Custody Agreements in Va

Custody Agreements in VA: What You Need to Know

Going through divorce or separation is not easy, especially when children are involved. One of the most important aspects of the process is determining child custody arrangements that work for both parents and the children. In Virginia, custody agreements can take different forms depending on the circumstances of each case. In this article, we will go over some of the essential things you should know about custody agreements in VA to help you make informed decisions.

Types of Custody in Virginia

In Virginia, child custody is divided into two categories: legal custody and physical custody. Legal custody refers to the right to make major decisions about the child`s life, such as healthcare, education, and religion. Physical custody refers to where the child will live. Each category can be further divided into joint or sole custody.

Joint legal custody means that both parents have the right to make decisions about the child`s life. It requires cooperation and good communication between the parents. Joint physical custody means that the child spends significant time with both parents, although it doesn`t have to be equal time. Sole legal custody means that one parent has the exclusive right to make decisions about the child`s life. Sole physical custody means that the child lives with one parent most of the time, and the other parent may have visitation rights.

Factors That Determine Custody

The court considers several factors when deciding custody arrangements, including:

– The child`s age, needs, and physical and mental health

– The parents` physical and mental health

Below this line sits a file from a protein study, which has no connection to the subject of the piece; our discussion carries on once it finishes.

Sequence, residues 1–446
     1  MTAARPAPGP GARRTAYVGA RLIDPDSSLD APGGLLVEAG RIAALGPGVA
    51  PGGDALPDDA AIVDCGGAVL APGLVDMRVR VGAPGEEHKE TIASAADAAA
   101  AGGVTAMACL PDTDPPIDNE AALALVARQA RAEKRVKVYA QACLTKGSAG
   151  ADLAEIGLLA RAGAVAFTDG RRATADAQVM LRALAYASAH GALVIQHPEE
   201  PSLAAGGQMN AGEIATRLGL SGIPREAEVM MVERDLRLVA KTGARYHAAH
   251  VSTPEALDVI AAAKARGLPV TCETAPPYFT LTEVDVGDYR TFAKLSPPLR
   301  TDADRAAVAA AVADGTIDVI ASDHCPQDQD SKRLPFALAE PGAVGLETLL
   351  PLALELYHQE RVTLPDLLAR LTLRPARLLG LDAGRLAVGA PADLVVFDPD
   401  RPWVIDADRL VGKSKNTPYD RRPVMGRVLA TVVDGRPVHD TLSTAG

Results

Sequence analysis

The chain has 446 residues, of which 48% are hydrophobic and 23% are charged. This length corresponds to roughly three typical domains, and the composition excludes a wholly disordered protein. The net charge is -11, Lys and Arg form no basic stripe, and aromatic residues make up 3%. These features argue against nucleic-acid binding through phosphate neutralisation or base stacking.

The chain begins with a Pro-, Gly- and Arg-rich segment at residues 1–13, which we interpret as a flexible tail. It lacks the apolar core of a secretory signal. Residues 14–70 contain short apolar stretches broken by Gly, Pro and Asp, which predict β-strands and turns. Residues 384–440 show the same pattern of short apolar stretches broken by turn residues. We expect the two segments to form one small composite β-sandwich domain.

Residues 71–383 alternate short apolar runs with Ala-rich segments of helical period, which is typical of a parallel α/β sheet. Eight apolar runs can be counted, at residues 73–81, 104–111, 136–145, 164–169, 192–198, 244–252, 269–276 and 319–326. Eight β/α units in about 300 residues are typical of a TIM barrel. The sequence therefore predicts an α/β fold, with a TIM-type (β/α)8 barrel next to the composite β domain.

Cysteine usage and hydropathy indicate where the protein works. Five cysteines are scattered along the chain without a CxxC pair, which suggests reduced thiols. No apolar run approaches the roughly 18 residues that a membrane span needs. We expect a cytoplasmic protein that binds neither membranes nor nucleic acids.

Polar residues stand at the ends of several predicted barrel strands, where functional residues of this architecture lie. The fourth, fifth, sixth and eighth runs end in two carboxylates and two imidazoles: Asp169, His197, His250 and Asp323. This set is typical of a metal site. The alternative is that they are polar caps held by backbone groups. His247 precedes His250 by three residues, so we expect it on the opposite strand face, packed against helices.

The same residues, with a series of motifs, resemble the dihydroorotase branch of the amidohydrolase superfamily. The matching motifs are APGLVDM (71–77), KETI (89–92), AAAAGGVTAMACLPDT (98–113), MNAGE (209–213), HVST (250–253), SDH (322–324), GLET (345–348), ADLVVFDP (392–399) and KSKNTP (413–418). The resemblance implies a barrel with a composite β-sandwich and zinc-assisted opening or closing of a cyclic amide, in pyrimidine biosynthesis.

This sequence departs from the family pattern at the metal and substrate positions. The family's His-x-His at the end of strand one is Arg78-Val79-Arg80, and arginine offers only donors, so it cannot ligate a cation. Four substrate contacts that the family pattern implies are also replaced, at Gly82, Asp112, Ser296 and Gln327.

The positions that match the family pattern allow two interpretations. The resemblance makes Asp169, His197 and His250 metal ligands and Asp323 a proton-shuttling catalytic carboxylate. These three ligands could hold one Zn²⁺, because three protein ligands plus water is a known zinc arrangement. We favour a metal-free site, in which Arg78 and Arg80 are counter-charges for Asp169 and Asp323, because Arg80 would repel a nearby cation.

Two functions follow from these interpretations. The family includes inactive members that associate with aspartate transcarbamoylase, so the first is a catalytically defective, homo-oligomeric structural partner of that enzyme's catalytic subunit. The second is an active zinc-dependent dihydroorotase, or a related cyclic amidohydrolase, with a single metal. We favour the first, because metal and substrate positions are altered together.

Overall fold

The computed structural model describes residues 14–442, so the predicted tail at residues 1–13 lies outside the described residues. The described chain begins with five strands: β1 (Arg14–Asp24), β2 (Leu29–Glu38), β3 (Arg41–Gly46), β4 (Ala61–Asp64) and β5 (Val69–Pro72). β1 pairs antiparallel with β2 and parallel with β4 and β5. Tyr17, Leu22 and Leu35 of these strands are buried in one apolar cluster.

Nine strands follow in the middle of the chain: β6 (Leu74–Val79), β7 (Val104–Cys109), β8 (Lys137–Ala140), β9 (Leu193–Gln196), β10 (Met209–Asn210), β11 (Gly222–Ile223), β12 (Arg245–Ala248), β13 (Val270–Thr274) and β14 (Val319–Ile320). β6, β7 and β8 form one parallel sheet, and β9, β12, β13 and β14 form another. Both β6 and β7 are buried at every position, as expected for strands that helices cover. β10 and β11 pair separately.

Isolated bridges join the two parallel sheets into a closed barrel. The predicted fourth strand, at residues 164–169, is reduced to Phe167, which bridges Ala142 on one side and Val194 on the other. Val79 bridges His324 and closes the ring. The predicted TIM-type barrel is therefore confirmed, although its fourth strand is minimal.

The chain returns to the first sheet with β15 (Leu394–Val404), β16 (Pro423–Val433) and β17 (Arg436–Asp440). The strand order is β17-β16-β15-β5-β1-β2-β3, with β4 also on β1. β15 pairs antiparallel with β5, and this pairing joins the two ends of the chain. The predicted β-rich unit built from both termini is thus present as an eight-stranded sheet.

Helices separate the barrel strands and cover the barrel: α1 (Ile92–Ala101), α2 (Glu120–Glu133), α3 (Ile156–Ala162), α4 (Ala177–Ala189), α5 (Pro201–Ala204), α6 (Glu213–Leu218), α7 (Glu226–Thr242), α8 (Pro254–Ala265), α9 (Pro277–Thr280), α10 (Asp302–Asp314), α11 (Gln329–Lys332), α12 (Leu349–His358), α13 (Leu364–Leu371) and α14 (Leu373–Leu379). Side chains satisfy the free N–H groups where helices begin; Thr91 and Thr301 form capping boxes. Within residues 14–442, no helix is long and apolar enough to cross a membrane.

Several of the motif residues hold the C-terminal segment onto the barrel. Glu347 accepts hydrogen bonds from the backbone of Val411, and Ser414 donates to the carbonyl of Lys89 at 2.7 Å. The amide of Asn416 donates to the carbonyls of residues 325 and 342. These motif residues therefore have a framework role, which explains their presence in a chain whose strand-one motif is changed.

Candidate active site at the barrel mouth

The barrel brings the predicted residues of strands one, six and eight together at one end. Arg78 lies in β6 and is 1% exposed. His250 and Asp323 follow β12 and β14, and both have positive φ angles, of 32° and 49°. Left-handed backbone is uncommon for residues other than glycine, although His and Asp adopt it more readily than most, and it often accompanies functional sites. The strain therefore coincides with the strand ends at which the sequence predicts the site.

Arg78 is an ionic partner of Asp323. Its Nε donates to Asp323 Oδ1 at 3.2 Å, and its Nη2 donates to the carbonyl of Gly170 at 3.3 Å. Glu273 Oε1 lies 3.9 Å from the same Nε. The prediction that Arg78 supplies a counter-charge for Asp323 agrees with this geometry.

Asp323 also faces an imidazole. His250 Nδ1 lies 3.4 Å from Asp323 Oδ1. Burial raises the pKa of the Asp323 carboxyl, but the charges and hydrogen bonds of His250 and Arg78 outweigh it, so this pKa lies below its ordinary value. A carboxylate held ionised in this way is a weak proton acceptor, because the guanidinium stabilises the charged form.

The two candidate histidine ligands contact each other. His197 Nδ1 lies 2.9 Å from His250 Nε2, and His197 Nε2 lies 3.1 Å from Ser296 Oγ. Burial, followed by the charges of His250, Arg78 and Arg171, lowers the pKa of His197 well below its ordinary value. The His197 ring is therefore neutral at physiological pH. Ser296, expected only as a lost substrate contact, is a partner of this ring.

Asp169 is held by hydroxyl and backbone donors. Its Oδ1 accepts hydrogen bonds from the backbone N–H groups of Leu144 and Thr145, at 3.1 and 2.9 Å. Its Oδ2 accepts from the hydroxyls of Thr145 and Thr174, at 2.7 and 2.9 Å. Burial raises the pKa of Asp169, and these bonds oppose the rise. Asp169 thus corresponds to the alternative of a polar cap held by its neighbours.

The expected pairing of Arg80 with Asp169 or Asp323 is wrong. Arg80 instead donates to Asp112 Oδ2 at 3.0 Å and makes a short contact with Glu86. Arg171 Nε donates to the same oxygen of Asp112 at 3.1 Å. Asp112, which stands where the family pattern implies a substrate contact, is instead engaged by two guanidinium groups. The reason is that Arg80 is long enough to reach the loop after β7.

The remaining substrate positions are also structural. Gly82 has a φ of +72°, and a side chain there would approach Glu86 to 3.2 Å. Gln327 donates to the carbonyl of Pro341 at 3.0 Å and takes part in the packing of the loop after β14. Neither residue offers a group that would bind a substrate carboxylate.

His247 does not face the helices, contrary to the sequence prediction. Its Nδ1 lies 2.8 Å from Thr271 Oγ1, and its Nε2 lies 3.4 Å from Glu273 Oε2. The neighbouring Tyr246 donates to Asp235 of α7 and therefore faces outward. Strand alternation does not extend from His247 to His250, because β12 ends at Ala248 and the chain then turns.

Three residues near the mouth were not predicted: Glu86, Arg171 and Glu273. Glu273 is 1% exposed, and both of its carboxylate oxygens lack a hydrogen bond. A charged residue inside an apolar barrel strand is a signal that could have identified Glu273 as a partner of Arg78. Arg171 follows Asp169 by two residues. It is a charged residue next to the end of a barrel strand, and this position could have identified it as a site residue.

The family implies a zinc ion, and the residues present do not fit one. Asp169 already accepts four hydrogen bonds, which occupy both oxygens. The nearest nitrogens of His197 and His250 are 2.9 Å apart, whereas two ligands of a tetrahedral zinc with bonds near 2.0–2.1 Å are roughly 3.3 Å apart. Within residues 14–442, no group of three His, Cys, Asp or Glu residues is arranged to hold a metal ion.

– The parents` ability to provide for the child`s needs

– The child`s relationship with each parent and other family members

– The child`s preference (if the child is mature enough to express an opinion)

– The parents` willingness to cooperate and foster a positive relationship between the child and the other parent

The court`s primary goal is to determine a custody arrangement that is in the best interest of the child.

Creating a Custody Agreement

Parents can create a custody agreement on their own, with the help of a mediator, or with the assistance of attorneys. The agreement should be in writing and include details about legal and physical custody, visitation schedules, holidays, and vacations. It should also include provisions for dispute resolution and modifications if circumstances change.

If the parents can`t agree on a custody arrangement, the court may need to step in and make a decision. In that case, the court will consider the factors mentioned above and may also order a home study or appoint a guardian ad litem to represent the child`s interests.

Enforcing a Custody Agreement

Once a custody agreement is in place, the parents must follow its terms. If one parent violates the agreement, the other parent can file a motion for contempt with the court. The court can then enforce the agreement and order the violating parent to comply. If the violation is severe, the court may modify the custody arrangement.


Child custody can be a contentious and emotional issue during divorce or separation proceedings. However, it`s crucial to remember that the primary goal is to protect the child`s best interests. Understanding the different types of custody and factors that determine custody can help parents make informed decisions and create a custody agreement that works for everyone involved. If you need assistance with a custody agreement, it`s always best to seek the help of an experienced family law attorney.